Update: These offers for the Amex EveryDay® Credit Card and the Citi® / AAdvantage® Platinum Select® World Elite™ Mastercard® have expired. Learn more about the current offers here.
I’m often asked if you lose your points when you cancel your credit card. I can understand the confusion, since the rules do vary based on the type of card.
Furthermore, I’ve heard of some credit card issuers incorrectly threatening that cardmembers will lose their points, even when it isn’t true.
Generally speaking the rules vary based on the type of card you’re earning points with. It depends on whether it’s a program specific card or a bank rewards card (a card accruing points with Membership Rewards, Ultimate Rewards, Citi ThankYou, etc.).
Program specific card — no
As a general rule of thumb you don’t lose your points when you cancel a card which accrues airline or hotel points. These are cases where the card issuer themselves doesn’t issue the points currency, but rather one of their partners does.
For example, if you earn AAdvantage miles with the Citi® / AAdvantage® Platinum Select® World Elite™ Mastercard® or Marriott Bonvoy points with the Marriott Bonvoy American Express Card, your points wouldn’t be forfeited when you cancel the cards. That’s because the points are issued directly in the partner currency.
To clarify, this doesn’t mean they can’t claw the points back. For example, if you make a purchase to get over the minimum spend threshold and then later refund it, they can take back the points they issued you.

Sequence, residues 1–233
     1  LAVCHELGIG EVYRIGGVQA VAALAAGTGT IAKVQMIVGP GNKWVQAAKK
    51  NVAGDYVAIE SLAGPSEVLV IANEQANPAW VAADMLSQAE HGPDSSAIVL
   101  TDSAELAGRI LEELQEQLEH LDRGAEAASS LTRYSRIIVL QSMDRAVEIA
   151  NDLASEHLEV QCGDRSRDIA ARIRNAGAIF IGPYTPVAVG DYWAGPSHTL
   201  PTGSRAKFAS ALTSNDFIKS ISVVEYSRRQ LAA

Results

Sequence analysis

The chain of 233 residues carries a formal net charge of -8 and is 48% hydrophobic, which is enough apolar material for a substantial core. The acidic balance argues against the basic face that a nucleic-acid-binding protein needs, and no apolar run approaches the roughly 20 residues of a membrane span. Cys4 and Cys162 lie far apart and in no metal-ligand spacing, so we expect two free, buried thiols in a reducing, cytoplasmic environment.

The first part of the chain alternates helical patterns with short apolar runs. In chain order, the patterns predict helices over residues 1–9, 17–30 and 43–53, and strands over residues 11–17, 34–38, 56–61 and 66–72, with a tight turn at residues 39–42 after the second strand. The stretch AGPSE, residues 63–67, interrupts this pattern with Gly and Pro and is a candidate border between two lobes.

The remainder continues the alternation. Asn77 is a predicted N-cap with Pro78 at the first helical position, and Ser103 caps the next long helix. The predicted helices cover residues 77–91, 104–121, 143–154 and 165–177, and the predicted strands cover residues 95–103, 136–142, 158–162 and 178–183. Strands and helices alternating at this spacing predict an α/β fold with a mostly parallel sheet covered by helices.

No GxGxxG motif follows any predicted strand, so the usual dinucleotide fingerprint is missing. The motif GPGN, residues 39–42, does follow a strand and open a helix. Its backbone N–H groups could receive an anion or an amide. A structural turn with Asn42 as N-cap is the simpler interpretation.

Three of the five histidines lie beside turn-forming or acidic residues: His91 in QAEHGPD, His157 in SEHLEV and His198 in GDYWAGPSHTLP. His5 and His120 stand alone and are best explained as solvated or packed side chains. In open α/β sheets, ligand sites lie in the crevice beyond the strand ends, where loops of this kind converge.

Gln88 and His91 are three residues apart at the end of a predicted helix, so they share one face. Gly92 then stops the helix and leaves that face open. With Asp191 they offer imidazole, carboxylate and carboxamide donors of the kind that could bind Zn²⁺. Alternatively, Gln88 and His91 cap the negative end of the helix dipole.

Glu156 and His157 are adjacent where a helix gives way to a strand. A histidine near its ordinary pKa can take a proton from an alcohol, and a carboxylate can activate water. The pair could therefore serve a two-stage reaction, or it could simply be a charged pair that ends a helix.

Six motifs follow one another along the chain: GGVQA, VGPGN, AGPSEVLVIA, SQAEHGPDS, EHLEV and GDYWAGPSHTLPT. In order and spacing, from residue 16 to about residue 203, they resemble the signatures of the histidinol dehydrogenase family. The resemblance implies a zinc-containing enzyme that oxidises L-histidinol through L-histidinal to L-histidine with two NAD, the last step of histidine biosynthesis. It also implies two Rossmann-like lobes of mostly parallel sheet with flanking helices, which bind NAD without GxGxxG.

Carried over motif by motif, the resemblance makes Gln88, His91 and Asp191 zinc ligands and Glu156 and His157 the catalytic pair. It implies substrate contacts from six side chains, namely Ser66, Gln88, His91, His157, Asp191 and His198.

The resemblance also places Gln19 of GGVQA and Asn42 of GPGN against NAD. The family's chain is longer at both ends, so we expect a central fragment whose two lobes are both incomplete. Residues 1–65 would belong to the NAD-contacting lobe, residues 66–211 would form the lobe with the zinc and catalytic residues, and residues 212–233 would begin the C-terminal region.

But the point is that canceling the card in and of itself doesn’t cause the points to be forfeited, since keeping the points isn’t at all contingent upon having the card.
Bank rewards cards — yes
If you accrue a points currency specifically linked to your card — like accruing Membership Rewards points with the The Amex EveryDay® Credit Card from American Express, Ultimate Rewards points with the Chase Sapphire Preferred® Card, ThankYou points with the Citi Premier℠ Card, etc. — you do typically lose the points associated with the account when you cancel the card.
The exception is if you have another card which accrues the same points currency, in which case you can typically transfer points to that card. For example, if you have the Chase Sapphire Preferred and want to cancel it, you can transfer those Ultimate Rewards points to the Ink Business Preferred℠ Credit Card, or if you have the Amex EveryDay you can transfer those Membership Rewards points to the The Platinum Card® from American Express.
So you’ll always want to transfer or redeem your bank rewards points before canceling the card, or else you’ll be in for an unpleasant surprise.
If you accrue points with a credit card in a specific partner program, your points balance will typically be safe, even if you cancel a credit card. However, if accruing bank rewards points, you’ll want to be much more careful before canceling your card.